An agreement to create three trade corridors between Russia and Georgia, including through Abkhazia and South Ossetia, is to move forward, according to Russian Deputy Foreign Minister Grigory Karasin. Karasin met with the Georgian PM’s Special Representative to Russia, Zurab Abashidze, on Thursday in Prague.
The pair were discussing the implementation of a 2011 deal on customs monitoring, among other issues, which was a precondition for Georgia giving the green-light to Russia’s World Trade Organisation membership that year.
Following the meeting, Karasin said they had ‘reached the important decision to continue [negotiations]’. ‘We are interested in implementing the 2011 agreement’ he added.
The latest Abashidze–Karasin meeting followed separate agreements signed by the Georgian and Russian governments with Swiss company SGS to monitor goods travelling through the three corridors.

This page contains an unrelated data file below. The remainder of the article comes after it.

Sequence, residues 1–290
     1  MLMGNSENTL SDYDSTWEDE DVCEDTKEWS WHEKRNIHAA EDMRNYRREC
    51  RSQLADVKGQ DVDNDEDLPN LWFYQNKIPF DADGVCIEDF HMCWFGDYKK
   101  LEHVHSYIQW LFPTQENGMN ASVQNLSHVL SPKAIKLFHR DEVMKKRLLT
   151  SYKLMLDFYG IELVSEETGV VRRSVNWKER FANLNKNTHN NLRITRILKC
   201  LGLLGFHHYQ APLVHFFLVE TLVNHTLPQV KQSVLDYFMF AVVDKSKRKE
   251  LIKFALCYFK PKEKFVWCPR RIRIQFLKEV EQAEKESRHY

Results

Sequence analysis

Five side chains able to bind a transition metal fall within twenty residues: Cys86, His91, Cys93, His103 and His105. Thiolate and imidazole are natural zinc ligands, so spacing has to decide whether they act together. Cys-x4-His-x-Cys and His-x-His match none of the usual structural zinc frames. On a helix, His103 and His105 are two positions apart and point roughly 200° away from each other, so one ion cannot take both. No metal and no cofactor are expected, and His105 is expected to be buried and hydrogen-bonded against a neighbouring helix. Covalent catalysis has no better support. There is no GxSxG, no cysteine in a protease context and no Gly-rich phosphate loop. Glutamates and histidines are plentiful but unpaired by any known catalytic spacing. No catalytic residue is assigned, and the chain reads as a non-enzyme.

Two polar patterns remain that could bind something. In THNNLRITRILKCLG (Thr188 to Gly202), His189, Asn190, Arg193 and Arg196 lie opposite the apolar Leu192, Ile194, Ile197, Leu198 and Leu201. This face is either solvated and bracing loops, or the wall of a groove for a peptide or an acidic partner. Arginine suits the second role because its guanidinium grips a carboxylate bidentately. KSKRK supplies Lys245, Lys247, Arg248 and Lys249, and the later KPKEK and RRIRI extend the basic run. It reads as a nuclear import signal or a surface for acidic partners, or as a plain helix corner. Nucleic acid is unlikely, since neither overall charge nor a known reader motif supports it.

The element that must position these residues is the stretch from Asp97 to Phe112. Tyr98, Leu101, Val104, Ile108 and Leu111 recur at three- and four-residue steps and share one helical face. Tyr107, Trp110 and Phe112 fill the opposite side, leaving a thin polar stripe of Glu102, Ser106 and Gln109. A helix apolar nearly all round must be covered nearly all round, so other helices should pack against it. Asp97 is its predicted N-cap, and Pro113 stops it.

According to the 2011 agreement, SGS is to be a third, neutral party monitoring cross-border cargo traffic and will be responsible for collecting and sharing information about goods crossing the border.
The three corridors are to be the Kazbegi–Zemo Larsi border crossing, part of the Tbilisi–Vladikavkaz highway and the only Russia-Georgia crossing under Georgia’s control, as well as through Abkhazia and South Ossetia. The agreement said the Abkhazian corridor goes from the ‘Abkhazian section of the Georgian–Russian border’ and passes through the ports of Sukhumi (Sukhum) and Ochamchire and the entire Abkhazian shoreline, ending in Zugdidi, the administrative centre of western Georgia’s Samegrelo–Zemo Svaneti Region. The third corridor would run from Gori along the Transcaucasian Highway connecting South Ossetia with Russia’s North Ossetia via the Roki tunnel.